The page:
The California Department of Health Care Services (DHCS) proposed in early February to make select temporary telehealth flexibilities permanent and expand others. The flexibilities, which were put in place in response to the COVID-19 pandemic, include payment parity, expanded coverage for services delivered by federally qualified health centers and rural health centers, and some coverage for audio-only telehealth.

In other news, the DHCS released a revised “Expanding Access to Integrated Care for Dual Eligible Californians” policy memo earlier this month outlining the transition plan for dual eligibles and Cal MediConnect within the revised California Advancing and Innovating Medi-Cal Initiative (CalAIM) proposal. This policy is intended to help meet the statewide goals of improving care integration and person-centered care under both CalAIM and the California Master Plan for Aging (MPA). Under CalAIM, the DHCS will transition Cal MediConnect (CMC) and the Coordinated Care Initiative (CCI) to a statewide Managed Long-Term Services and Supports (MLTSS) and Dual Eligible Special Needs Plan (D-SNP) structure.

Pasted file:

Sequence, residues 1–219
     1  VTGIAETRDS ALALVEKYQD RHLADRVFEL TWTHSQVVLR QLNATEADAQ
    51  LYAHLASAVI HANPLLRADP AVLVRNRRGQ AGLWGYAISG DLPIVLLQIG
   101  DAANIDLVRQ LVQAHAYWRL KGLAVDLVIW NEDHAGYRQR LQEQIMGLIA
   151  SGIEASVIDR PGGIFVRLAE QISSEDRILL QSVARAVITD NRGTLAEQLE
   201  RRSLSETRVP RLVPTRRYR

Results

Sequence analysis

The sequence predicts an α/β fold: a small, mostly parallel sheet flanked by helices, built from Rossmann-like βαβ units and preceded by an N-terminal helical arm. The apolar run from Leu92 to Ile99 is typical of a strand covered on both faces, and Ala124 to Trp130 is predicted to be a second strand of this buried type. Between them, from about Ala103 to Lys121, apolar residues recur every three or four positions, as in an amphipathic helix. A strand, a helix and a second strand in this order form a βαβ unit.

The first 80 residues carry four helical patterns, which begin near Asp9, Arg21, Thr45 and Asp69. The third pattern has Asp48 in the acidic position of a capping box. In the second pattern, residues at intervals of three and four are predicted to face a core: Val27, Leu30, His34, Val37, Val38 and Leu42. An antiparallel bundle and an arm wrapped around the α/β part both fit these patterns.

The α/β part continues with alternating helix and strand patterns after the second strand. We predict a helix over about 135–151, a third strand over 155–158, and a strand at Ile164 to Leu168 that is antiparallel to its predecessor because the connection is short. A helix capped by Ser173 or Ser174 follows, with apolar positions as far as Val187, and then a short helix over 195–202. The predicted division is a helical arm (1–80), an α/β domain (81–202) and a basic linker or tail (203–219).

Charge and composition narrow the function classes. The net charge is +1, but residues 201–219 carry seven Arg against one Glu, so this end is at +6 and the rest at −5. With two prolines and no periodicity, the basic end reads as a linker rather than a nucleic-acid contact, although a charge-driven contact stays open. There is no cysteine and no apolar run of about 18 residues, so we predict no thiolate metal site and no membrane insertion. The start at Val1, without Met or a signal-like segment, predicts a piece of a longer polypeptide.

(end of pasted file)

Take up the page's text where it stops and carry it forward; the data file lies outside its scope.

The Massachusetts Center for Health Information Analysis released a report revealing the gaps in protections from medical bills found throughout the state. Even those with health insurance are not fully shielded from burdensome medical bills. Fifteen percent of families surveyed reported problems paying medical bills and of that sample, 52 percent were contacted by a collection agency.